- October 2014: Funding for better understanding of neural stem cells.
Image shows neural stem cell lineages (green) in the Drosophila brain
Alumni and next destinations:
- Dr Laura Rodriguez Diaz (PhD 2016–20), Scientist, Theolytics Biotech, Oxford, UK
- Dr Eleanor Gonzaga (PhD 2013–16, 2018–19), Postdoctoral Research Associate, University of Cambridge, UK
- Dr Karolina Jaworek (PhD 2012–16), Postdoctoral Research Associate, University of Exeter, UK
- Paula Varney (2017–18), Joao Marques (2015–16), Eleni Costa (2015–16) and Oliver Warrington (2014–15) – one-year research undergraduates
- Matthew Sherwood (Postgraduate research placement, May–September 2017), PhD student, University of Southampton, UK
- Eleanor Gonzaga (MRes 2013–14, PhD University of Plymouth) and Helena Robinson (MRes 2013–14, PhD Bangor University UK)
- Thomas Hughes (2015), Joshua Lewis (2016) and Chelsey Wiley (2017) – MSc students
- Hubert Bieluczyk (Research Assistant, February–September 2018), Data Scientist, Legal & General, UK
Conference meetings and public engagement is part our team’s work.
Nsikan Nsek presenting his PhD research poster at the Brain Tumour Meeting 2022, Berlin, Germany.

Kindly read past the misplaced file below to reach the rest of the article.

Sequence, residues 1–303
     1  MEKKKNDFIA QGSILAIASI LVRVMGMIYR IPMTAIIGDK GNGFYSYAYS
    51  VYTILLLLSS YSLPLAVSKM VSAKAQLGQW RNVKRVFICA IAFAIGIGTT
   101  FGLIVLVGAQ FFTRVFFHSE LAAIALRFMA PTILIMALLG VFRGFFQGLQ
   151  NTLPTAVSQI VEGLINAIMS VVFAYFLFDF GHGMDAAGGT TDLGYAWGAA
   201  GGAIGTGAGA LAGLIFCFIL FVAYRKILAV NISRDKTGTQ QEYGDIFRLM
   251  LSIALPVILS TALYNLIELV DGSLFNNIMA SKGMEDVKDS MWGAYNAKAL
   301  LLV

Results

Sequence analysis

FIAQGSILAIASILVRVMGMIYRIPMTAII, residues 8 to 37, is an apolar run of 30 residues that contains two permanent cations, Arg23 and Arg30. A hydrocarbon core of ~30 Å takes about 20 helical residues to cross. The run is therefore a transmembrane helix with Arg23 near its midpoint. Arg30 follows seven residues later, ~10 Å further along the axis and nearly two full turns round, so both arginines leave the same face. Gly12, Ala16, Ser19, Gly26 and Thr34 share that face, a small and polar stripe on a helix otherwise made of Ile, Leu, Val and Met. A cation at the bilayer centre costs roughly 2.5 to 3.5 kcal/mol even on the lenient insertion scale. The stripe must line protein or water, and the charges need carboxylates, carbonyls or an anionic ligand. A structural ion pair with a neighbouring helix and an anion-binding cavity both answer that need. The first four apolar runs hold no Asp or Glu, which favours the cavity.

- Barros CS & Bossing T (2021) 'Microtubule disruption upon CNS damage triggers mitotic entry via TNF signaling activation' Cell Reports 36, (1), DOI Open access
- Gil-Ranedo J, Gonzaga E, Jaworek KJ, Berger C, Bossing T & Barros CS (2019) 'STRIPAK Members Orchestrate Hippo and Insulin Receptor Signaling to Promote Neural Stem Cell Reactivation' Cell Reports 27, (10) 2921-2933.e5, DOI PEARL
- Raghu SV, Mohammad F, Chua JY, Lam JSW, Loberas M, Sahani S, Barros CS & Claridge-Chang A 2018 'A zinc-finger fusion protein refines Gal4-defined neural circuits' Molecular Brain 11, (1) 46-46 Author Site, DOI PEARL
- Xu J, Hartley BJ, Kurup P, Phillips A, Topol A, Xu M, Ononenyi C, Foscue E, Ho S-M & Baguley TD 2016 'Inhibition of STEP61 ameliorates deficits in mouse and hiPSC-based schizophrenia models' Molecular Psychiatry, DOI PEARL